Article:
An Ex Libris-commissioned report uncovers lower levels of support from the research office and library versus 2019, increased pressure on research funding, and opportunities for greater collaboration between research offices and libraries.
Libris, a ProQuest company, is pleased to announce the publication of its annual study on the challenges that academic researchers face, the priorities of research office leaders, and key opportunities for research offices and libraries to support scholarship at institutions of higher education.
The study was commissioned by Ex Libris and conducted by Alterline, an independent research agency. The report presents findings from a survey of 314 researchers across a range of disciplines and 101 senior members of research offices in the United States, the United Kingdom, and Australia.
The key findings of the study include the following:
- Funding remains a top priority, but a lack of time and resources is a major challenge for researchers and research office members in trying to secure funding. Finding relevant funding opportunities (rated difficult or very difficult by 62% of the researchers participating in the study) and applying for grants (difficult or very difficult for 83% of the researchers) continue to be the most demanding part of the research life cycle.
- The assessment of research impact via citation-based metrics is popular and used by 90% of researchers and 63% of research office staff. However, researchers report increased frustration with such metrics and aspire for more nuanced measures that are suitable across non-STEM disciplines and reflect long-term social impact.
- Improving the university’s ranking and prestige is the second highest priority for the research office, after obtaining funding; however, 40% of research offices report that their institution does not have a portal to showcase their scholars’ work.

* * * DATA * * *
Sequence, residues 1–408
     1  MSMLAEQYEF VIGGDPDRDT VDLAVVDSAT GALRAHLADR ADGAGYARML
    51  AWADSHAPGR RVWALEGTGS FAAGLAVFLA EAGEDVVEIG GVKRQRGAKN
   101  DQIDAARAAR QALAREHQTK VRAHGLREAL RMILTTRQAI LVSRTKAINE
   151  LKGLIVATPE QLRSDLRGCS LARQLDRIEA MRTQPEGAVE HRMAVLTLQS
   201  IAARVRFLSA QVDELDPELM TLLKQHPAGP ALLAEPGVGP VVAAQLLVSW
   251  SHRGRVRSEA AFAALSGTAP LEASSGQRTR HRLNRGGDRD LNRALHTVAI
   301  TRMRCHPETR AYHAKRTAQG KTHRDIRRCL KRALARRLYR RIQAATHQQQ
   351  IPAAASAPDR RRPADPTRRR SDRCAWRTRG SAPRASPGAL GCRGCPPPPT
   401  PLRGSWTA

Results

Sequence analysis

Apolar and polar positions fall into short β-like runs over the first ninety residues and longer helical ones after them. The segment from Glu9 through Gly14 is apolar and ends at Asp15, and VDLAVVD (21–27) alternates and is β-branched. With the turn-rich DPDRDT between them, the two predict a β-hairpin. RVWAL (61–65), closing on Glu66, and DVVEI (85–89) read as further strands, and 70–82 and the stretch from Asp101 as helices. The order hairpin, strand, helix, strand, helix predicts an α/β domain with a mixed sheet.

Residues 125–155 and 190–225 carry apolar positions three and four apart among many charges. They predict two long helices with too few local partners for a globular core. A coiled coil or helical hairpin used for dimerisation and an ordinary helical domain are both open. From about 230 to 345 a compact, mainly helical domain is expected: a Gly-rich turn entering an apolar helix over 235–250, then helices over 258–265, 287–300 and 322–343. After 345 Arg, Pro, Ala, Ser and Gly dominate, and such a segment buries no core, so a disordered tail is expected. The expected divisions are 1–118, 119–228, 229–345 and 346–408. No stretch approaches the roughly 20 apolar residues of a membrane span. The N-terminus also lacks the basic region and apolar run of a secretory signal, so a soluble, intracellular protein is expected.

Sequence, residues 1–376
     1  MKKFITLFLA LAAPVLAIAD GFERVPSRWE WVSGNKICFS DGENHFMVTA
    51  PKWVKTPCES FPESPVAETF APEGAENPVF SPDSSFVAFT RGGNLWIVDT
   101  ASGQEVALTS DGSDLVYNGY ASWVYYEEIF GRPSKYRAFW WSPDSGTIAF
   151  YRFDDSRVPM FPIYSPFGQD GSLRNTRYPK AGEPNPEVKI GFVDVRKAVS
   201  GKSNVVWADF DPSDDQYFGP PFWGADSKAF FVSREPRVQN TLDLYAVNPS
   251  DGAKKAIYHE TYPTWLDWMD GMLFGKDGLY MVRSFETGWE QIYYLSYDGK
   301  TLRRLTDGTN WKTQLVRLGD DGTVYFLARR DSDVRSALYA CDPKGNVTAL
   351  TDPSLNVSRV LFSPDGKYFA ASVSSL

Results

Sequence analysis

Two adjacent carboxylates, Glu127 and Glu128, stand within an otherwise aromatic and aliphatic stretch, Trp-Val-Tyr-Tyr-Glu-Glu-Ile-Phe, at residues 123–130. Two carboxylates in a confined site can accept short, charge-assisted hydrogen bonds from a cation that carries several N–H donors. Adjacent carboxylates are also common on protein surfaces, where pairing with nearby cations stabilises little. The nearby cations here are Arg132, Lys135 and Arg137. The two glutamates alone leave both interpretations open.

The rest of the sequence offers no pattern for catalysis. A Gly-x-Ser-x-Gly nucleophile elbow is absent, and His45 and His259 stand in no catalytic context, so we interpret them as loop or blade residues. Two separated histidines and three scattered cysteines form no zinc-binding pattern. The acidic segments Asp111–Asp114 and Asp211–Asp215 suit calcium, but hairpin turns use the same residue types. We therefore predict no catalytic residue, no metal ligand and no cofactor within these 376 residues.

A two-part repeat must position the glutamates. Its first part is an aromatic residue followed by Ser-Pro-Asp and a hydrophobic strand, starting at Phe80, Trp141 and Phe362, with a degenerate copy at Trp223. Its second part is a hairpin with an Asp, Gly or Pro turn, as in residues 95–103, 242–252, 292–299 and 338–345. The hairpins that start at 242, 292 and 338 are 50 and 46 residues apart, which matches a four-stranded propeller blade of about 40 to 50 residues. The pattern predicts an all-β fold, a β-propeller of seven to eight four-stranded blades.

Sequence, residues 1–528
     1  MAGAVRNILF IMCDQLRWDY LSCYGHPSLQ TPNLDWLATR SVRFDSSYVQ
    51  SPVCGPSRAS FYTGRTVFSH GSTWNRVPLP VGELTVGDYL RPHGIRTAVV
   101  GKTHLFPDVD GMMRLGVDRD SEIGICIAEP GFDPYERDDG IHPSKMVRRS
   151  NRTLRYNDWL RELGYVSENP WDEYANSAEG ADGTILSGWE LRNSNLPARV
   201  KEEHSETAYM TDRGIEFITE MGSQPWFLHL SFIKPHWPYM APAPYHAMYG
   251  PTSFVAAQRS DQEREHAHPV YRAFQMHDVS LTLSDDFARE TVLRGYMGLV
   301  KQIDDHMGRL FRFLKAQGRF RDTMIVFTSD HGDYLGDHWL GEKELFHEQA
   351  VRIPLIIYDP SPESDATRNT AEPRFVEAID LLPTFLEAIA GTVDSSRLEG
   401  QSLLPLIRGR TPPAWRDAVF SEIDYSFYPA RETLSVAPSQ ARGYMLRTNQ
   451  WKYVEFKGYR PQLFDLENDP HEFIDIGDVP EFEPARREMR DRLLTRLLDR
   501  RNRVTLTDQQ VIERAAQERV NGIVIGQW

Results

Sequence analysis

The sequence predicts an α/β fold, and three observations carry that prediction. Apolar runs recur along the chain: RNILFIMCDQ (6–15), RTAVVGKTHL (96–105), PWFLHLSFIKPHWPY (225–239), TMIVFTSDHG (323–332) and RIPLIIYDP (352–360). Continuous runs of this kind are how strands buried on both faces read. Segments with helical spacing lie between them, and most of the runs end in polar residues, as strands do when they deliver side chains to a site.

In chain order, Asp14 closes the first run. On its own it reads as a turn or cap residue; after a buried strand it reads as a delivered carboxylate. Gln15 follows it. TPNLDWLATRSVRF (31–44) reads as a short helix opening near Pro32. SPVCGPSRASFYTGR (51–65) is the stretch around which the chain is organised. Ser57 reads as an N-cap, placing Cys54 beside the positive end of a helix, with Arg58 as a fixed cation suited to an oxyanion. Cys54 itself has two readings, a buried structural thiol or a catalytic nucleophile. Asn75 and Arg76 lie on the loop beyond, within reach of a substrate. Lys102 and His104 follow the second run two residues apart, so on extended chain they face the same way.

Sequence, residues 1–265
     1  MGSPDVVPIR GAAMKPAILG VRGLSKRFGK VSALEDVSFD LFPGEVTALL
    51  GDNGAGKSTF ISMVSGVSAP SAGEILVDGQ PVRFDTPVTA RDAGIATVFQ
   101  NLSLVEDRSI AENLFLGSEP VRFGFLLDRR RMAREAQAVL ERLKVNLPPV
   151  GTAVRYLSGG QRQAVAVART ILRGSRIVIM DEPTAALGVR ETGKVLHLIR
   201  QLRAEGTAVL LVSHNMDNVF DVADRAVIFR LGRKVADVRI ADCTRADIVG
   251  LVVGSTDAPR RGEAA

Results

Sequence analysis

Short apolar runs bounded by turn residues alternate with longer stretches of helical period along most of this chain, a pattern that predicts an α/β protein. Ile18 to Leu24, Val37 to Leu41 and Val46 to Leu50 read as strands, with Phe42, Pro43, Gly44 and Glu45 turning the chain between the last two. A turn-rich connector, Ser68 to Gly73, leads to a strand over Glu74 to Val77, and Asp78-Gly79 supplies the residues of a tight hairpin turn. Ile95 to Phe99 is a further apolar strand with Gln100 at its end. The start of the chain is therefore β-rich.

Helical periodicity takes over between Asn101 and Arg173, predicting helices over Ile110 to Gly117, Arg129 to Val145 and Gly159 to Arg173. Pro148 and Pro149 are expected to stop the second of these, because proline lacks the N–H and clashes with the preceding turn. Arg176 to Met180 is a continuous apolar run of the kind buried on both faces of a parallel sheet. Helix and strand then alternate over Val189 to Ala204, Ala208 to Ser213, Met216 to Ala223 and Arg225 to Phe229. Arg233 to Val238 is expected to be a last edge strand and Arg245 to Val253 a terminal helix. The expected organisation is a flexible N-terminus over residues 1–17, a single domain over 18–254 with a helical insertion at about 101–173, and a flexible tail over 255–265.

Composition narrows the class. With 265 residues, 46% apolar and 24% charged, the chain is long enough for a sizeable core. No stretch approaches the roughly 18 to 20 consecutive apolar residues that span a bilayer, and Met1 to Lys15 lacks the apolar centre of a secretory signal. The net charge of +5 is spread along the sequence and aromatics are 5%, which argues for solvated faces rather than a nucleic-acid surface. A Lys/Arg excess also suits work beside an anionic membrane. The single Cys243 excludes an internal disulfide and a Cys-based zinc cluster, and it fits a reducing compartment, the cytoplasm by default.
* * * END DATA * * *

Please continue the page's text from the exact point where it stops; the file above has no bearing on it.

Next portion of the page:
- Researchers are mostly positive about the support provided by their research office and library, but satisfaction rates are significantly lower than in 2019. COVID-19 may be a contributing factor, with the shift in research priorities, the decrease in resources, and the heightened focus on operational needs, such as facilitating online work.
- Senior members of research offices want to strengthen relationships with the library. The top areas of collaboration between the research office and the library consist of open-access compliance (noted by 64% of respondents), the tracking of publications by the institution’s researchers (46%), and the updating of researcher profiles (32%).
- Researchers’ support for open access is growing. Before COVID-19, 72% of researchers viewed open access favorably, and 18% now report that they view open access more positively since the onset of COVID-19.
- The administrative burden on researchers is still a major challenge, and COVID-19 might be aggravating the situation. According to 21% of researchers participating in the study, more than half their time is dedicated to administrative research tasks.
Ex Libris Corporate Vice President of Learning and Research Solutions Shlomi Kringel commented, “This year’s study highlights some of the unique challenges that COVID-19 has imposed on researchers and institutions of higher education. The report sheds light on ways in which research offices and libraries can use their expertise and further collaborate to address a variety of institutional needs, such as securing research funding, improving the visibility of research work, and relieving scholars of research-related administrative burdens.”
Zara Lawson, Research Manager at Alterline, said: “This year, we saw existing challenges intensified by COVID-19, with both members of research offices and researchers facing pressure to continue delivering excellent research, bring in funding, and manage workloads in the face of new restrictions and limited time to perform these activities. There is clear need for the improvement of technological systems to support these activities, and greater pressure to work collaboratively to meet these shared goals.”
Read the report (freely accessible) here